Guillermo del Toro
Release: 2 Apr. 04
BY: DAVID PERRY
Based on a semi-popular spate of comics by Mike Mignola,
Hellboy continues to prove that the abilities of the much richer D.C. and
Marvel comic book empires are likely to make the only truly watchable film
adaptations (with one exception, underground comic-come-movie Ghost World).
Although Hellboy is as overdone as some comic fanboy may prefer, its charms
are lost on anyone more likely to read all 576 pages of Crime and Punishment
than the 67-page graphic novelization.
I donít necessarily mean to disregard the entire medium, but my absence of
understanding of many of the film recreations of comics comes in large part
from my ignorance to the source materialís merits. I trust that The League
of Extraordinary Gentlemen and From Hell are great graphic novels, even if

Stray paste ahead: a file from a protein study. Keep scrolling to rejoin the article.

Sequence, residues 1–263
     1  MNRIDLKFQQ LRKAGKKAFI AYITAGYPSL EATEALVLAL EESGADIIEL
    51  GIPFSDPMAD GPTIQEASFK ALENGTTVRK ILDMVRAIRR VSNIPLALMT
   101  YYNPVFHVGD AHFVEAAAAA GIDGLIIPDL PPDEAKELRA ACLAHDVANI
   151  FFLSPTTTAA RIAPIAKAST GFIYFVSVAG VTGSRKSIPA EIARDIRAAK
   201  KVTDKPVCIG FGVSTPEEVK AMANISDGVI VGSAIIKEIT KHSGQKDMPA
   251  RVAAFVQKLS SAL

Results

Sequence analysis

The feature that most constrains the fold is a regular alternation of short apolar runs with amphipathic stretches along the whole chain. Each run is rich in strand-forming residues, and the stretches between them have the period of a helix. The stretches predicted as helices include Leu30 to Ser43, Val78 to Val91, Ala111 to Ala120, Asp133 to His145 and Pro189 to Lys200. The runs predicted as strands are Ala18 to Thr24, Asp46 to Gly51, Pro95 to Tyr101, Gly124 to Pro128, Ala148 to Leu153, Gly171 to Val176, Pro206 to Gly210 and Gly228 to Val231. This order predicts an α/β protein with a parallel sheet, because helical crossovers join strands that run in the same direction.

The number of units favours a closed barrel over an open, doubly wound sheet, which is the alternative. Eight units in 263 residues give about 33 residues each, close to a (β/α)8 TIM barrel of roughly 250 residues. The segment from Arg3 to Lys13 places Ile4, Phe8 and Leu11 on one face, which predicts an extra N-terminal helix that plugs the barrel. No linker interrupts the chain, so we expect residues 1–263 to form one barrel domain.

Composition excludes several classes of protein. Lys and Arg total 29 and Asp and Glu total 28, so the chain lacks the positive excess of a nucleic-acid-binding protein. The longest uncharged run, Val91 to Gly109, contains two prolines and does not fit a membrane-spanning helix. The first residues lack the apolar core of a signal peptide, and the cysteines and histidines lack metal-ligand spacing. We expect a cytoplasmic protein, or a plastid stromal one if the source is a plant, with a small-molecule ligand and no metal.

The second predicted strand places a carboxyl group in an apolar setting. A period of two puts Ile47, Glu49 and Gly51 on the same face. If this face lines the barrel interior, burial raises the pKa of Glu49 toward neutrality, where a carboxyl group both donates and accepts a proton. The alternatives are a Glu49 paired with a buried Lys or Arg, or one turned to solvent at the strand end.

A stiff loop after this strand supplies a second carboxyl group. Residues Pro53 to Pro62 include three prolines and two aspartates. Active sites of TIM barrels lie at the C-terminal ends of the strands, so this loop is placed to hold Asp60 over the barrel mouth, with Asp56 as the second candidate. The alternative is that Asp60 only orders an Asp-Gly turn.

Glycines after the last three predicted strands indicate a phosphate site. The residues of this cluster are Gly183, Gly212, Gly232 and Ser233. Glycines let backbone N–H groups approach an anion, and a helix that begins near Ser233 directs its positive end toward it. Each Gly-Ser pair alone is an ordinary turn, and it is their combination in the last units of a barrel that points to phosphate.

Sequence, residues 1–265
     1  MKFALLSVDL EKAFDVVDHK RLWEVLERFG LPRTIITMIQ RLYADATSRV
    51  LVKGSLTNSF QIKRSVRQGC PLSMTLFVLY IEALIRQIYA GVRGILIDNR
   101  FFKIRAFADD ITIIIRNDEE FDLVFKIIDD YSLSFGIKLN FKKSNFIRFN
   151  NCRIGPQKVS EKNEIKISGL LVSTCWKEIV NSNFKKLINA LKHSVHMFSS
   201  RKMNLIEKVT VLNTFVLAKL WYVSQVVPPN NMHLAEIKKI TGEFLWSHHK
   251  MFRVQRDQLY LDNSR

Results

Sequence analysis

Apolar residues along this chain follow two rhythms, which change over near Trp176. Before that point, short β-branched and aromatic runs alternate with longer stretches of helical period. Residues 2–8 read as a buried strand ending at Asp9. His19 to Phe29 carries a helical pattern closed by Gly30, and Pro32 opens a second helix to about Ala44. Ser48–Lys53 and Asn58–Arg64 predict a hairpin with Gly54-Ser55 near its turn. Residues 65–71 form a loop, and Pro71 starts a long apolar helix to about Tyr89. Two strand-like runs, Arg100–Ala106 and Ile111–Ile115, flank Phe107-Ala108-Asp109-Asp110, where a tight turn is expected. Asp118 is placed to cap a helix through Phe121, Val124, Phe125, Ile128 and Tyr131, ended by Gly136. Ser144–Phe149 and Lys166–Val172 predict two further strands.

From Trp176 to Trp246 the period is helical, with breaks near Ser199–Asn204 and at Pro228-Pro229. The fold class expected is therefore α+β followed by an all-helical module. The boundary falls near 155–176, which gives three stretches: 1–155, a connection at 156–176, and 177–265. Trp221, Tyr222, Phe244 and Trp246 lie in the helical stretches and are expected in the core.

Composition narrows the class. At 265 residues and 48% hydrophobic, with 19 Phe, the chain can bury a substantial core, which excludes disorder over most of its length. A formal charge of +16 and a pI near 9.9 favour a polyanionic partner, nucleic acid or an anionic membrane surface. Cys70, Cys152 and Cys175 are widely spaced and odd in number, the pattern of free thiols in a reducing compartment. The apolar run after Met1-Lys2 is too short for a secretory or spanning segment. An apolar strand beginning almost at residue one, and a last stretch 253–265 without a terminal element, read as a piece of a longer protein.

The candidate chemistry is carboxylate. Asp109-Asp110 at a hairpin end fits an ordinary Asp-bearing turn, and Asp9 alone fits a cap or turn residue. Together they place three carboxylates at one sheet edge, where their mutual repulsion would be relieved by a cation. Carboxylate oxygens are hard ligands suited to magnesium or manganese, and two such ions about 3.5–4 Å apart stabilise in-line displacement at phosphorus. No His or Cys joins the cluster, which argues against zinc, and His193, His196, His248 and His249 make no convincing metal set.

their cinematic counterparts are crap. Hellboy, though, never even feels
like it might have a superior version sitting in some comic book haven in
the outskirts of the city. This is a dull premise with dull characters Ė-
nothing even remotely inventive seems to exist, which is opposite of
Spider-Man and X-Men, two recent reevaluations of the cross-media event
picture as blockbuster.
The historical contextualizing, I suppose, is whatís meant to linger with
Hellboy, but nothing here is smarter or wittier than The League of
Extraordinary Gentlemen, and the complexities of physics or biology seems a
distant high school memory for the people involved. Why do these films have
to be so recklessly made and haphazardly structured? Do they just think
audiences are too stupid to care, or are they still enjoying the fact that
films like these have a base audience that will keep coming back, long after
Daredevil and The Hulk?